FATE (With a Push from Mama)
Fate (With a Push from Mama)
By Mary Lee
In 1971, I attended Central Piedmont Community College in Charlotte, North Carolina. Mama drove me to class. I was 19 years old, but had zero interest in getting my driver’s license because I was directionally impaired and terrified of being lost. An impossible combination when it comes to driving.
Every morning, we drove past a military service-recruiting center. There were large posters on the sidewalk, out in front of the building that advertised a great life in the Army, Air Force, Navy and Marines. Mama often mentioned the posters as we rode by. I paid no attention to them.
After my first class, I had an hour break before my next class, so Mama picked me up and we went to a Greek restaurant about a block from the college. We had Cokes and an eclairs … our absolute favorite snack. Five days a week, Mama encouraged me to serve in the military each time we drove by the recruitment office.
Early on, I was positive I could never be in a military. I was five feet and five inches tall and weighed only 97 pounds. I was sure they would not want such a scrawny person. Even if they did, I was positive I could not leave home and my family. Mama was a persistent woman. What’s more, she knew it was my only way “out of the nest” to pursue a career. She made her mind up that she would make it happen. I didn’t stand a chance.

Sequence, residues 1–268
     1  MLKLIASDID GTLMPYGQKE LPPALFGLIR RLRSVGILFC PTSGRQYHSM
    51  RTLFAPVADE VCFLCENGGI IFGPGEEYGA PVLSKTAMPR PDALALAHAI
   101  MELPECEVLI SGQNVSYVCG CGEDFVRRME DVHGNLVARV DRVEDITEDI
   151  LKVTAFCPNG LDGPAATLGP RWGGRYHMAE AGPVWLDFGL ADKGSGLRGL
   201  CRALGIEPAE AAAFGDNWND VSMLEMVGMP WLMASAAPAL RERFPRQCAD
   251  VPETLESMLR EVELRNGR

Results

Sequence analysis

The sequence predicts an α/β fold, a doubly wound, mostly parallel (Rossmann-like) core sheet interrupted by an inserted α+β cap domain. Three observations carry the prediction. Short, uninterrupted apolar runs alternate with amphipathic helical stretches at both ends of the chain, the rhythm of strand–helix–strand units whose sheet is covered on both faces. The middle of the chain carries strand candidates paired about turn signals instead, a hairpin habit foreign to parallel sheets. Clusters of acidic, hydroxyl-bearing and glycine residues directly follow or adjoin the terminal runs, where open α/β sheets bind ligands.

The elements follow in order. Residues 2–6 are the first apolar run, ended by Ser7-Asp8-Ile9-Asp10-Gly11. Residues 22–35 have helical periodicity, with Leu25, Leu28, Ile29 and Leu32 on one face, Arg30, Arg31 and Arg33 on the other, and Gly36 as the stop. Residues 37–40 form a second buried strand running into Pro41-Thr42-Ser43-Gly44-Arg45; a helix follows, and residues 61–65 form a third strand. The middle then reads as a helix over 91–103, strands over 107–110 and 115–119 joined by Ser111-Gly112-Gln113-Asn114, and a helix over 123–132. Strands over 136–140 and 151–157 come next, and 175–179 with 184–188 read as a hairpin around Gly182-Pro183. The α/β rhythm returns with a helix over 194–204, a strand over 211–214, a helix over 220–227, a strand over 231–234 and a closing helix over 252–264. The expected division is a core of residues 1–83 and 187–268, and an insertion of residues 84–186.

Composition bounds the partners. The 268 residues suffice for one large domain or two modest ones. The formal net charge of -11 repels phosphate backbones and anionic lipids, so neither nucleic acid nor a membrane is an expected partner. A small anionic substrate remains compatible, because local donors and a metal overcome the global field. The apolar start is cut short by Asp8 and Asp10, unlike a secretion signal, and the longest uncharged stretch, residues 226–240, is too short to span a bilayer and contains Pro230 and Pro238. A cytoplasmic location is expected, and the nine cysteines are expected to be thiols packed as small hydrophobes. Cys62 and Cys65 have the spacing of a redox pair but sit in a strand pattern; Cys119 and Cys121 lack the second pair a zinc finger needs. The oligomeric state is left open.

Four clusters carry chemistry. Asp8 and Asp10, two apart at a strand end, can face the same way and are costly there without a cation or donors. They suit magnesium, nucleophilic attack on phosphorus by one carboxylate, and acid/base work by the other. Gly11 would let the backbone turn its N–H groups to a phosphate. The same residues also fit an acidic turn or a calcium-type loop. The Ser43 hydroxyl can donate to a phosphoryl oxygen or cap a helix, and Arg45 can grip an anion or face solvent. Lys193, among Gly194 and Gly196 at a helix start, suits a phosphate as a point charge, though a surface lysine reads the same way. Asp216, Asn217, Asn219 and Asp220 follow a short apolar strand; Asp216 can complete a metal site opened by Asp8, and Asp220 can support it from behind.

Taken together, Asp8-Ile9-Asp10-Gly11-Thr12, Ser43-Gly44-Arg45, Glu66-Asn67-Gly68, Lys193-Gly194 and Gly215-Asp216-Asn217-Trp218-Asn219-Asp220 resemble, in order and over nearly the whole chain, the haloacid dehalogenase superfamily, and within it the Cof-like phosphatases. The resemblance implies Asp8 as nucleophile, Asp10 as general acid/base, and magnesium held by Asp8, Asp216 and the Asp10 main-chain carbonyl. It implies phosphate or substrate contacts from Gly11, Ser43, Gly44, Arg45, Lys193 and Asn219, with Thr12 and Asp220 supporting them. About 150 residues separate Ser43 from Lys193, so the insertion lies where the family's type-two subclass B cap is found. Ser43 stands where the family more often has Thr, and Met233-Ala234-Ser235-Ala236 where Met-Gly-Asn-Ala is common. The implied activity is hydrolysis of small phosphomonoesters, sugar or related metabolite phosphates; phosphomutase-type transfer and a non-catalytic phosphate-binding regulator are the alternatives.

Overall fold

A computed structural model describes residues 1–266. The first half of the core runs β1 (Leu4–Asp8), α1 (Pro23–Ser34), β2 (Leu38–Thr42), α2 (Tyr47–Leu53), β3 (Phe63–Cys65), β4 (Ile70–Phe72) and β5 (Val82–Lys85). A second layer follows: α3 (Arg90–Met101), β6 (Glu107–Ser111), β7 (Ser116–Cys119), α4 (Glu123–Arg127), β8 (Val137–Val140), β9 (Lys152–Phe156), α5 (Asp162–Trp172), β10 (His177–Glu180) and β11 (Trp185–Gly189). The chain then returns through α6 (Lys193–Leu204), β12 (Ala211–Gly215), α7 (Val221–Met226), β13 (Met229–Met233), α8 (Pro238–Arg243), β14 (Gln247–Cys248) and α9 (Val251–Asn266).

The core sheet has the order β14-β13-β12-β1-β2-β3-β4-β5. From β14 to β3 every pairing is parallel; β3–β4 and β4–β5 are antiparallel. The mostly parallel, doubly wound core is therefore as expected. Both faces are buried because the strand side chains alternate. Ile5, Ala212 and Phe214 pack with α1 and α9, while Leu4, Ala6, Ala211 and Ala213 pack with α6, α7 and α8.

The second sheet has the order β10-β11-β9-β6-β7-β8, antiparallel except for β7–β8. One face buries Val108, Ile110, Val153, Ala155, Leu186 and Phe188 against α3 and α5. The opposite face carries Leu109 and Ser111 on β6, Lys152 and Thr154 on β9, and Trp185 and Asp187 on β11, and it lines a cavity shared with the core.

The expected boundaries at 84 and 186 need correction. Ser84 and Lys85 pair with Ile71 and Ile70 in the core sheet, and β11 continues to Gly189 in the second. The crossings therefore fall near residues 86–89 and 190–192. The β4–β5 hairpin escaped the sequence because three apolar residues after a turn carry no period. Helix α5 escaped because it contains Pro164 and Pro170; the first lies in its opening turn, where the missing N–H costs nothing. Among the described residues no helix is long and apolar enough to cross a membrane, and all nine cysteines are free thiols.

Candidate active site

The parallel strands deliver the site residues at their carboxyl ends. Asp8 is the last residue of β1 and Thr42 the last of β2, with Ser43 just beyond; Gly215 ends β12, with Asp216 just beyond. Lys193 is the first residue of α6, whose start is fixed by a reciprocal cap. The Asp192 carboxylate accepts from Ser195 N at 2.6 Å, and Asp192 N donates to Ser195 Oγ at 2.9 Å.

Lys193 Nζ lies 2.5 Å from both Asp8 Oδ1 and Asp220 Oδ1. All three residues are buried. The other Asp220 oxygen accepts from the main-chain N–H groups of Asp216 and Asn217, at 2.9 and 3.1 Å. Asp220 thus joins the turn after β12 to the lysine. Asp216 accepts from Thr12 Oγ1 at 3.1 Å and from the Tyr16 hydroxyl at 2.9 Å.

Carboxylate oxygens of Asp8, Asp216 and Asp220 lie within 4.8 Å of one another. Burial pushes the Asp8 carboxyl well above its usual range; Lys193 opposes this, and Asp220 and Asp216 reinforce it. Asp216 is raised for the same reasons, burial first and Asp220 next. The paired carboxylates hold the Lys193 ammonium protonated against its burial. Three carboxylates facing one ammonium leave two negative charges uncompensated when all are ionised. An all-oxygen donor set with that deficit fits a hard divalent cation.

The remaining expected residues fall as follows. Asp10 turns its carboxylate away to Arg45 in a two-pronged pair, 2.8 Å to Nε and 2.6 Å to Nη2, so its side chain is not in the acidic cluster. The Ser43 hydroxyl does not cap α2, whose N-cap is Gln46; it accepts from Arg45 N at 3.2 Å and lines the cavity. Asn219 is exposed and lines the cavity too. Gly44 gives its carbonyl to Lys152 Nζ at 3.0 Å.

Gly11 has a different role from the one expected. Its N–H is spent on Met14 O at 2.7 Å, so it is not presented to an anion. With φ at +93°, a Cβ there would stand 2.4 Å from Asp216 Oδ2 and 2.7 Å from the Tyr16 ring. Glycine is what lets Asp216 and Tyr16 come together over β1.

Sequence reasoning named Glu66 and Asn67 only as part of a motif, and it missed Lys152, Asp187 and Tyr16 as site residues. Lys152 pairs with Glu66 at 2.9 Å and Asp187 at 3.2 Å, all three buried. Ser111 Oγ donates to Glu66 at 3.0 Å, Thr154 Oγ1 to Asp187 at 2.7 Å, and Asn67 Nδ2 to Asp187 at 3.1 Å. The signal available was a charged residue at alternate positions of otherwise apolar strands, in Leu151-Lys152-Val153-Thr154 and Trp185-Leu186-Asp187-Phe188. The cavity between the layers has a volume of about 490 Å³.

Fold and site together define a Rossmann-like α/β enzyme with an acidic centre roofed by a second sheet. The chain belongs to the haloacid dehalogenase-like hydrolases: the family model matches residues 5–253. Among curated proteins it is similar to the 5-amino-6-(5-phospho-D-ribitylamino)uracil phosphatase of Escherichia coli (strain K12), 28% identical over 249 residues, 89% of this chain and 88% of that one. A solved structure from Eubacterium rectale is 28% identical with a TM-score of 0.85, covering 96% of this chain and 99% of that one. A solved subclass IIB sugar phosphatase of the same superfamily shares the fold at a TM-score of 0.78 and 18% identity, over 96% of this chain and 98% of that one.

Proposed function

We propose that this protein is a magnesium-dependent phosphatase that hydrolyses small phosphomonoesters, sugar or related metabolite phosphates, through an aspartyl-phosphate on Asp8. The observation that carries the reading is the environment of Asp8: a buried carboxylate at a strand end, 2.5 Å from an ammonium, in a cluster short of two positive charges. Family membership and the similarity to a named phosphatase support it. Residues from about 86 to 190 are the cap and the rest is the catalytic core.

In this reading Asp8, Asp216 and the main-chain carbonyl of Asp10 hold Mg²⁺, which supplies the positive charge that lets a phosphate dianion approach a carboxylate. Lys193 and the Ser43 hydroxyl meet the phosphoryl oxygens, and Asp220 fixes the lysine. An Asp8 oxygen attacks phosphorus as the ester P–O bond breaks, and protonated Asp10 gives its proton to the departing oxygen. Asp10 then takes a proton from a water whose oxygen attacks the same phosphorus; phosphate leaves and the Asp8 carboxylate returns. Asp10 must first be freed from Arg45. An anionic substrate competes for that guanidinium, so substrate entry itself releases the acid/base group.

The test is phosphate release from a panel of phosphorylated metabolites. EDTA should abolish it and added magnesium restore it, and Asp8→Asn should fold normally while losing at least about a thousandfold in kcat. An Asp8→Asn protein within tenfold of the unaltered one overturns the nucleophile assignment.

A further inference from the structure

Mama convinced me that I should look into the possibility of military service. Weeks before graduation, I went to the recruiting center. At 19, I only looked 15 so when I talked with the Army Recruiter, he wrongly assumed that I was a high school student. He told me, “Go home eat some bananas, put some meat on your bones, and come back in a couple of years.”
Furious, I stomped down the hall to the Navy Recruiter’s office, plopped in a chair, stared at the recruiter, and asked the all time stupid question, “Do you have to be able to swim to be in the Navy?”
Patiently, he said, “Yes, but we will teach you.”
I replied, “No Thank You” backing out his door.
Knowing I could not possibly be a Marine, I decided this is not going to work. I scurried through the hallways like a rat in a maze trying to get out of the building. Crying so hard, I nearly collided with a fatherly looking man in an Air Force uniform. He was drinking a cup of coffee and eating donuts. Between bites, he asked, “What’s wrong little girl?”
I cried out in frustration. “I am not a little girl! I am 19 years old, soon to be college graduate. I tried to join the Army, but I am not old enough or fat enough. I tried to join the Navy, but I am too afraid of water to learn to swim. I am not tough enough to be a Marine, so what is left?”
Laughing, compassionately, he said, “Come with me. I think the Air Force is where you will be best appreciated.”